Texas is asking a federal appeals court to put back into effect its voter ID law, after a U.S. judge last week ruled that it intentionally discriminates against minorities.
The intentional discrimination finding by U.S. Judge Nelva Gonzales Ramos means Texas is at risk of being put back under a system of federal supervision of its voting laws. As a result, it’s marshaling every argument it can to claim that the law wasn’t enacted out of racial bias.
Among them: that the law affects too many white voters to be racially discriminatory.
In a brief filed Friday, Texas asked the U.S. Court of Appeals for the 5th Circuit to put on hold last week’s ruling by Gonzales Ramos. In that ruling, the judge found that the law, SB5, passed earlier this year and signed by Gov. Greg Abbott (pictured), intentionally discriminates against blacks and Hispanics, who are more likely than whites to lack ID. Gonzales Ramos also accused Texas of “voter intimidation.”
Texas wants the law back in effect until there’s a final decision on the merits of the case. Local elections are set to be held later this year.
In Friday’s brief, Texas argued that Judge Gonzales Ramos had erred in ruling that the state’s original ID law, SB 14, passed in 2011, was discriminatory. That finding formed the basis of last week’s ruling against SB 5, which was a modification of SB 14.
“SB14 impacted too many white voters to support an inference that its classification was a pretext for discrimination against minority voters,” lawyers for the state wrote. “Under the evidence accepted below, the number of white voters allegedly burdened by SB14 (296,000) is approximately the same as the combined number of similarly situated African-American voters (128,000) and Hispanic voters (175,000). In Feeney, discriminatory purpose was rebutted because men comprised nearly 40% of the affected class. Here, nearly 50% of those affected by SB14 are not minorities.”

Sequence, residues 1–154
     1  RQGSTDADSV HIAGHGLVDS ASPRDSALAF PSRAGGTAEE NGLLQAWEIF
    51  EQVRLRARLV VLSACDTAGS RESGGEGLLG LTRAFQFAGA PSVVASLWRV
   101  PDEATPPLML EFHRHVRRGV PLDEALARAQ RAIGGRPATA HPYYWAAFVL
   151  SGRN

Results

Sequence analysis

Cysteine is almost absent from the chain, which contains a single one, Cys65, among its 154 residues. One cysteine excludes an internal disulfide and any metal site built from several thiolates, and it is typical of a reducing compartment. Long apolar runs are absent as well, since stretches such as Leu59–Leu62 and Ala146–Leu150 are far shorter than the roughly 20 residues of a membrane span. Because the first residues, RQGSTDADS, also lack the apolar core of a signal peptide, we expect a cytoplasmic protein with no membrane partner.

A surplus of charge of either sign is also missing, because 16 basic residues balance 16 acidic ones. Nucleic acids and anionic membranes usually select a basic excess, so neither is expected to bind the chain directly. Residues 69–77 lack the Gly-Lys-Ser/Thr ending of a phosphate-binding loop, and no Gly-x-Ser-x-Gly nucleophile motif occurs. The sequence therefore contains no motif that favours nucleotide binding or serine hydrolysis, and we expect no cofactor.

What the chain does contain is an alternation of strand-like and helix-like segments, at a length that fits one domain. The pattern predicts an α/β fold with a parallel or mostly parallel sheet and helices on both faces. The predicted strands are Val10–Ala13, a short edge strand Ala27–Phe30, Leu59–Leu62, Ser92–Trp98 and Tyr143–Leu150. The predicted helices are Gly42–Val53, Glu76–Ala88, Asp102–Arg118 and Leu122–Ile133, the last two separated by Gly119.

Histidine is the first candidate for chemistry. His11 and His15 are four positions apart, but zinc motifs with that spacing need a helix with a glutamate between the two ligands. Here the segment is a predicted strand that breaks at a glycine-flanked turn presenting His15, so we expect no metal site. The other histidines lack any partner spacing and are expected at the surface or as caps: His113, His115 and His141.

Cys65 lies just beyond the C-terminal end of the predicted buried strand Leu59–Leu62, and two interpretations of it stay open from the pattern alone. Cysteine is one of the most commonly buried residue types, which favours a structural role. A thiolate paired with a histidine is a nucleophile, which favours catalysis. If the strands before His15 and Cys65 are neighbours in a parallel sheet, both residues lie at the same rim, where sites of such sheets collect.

In Personnel Administrator of Massachusetts v. Feeney, the Supreme Court ruled that a state law giving hiring preferences to veterans didn’t discriminate against women, in part because it affected nearly as many men.
Of course, Texas isn’t conceding that its ID law disenfranchises over 600,000 people. That’s how many registered voters in the state lack acceptable ID, according to evidence the court relied on. But Texas argues that it’s easy enough to get ID that the figure isn’t relevant.
Still, it’s easy to spot the flaw in Texas’s argument about white voters. In last year’s election, whites made up about 62 percent of Texas voters, according to Census Bureau figures. If less than half of the ID law’s victims are white, then it’s disproportionately affecting minority voters. The key number isn’t the raw percentage of whites the law affects. It’s whether that percentage is proportionate to whites’ share of the electorate. It isn’t close.
Texas’s use of the argument suggests the state is doing everything it can to avoid being put back under the federal “pre-clearance” system, which was neutered by the Supreme Court’s 2013 Shelby County v. Holder ruling.
It’s not hard to see why the state might be worried. Between them, its two ID laws have now been found intentionally discriminatory in eight separate rulings. And just this month, its redistricting plan, as well as a voting law restricting the use of interpreters, also have been found to internally discriminate against minorities.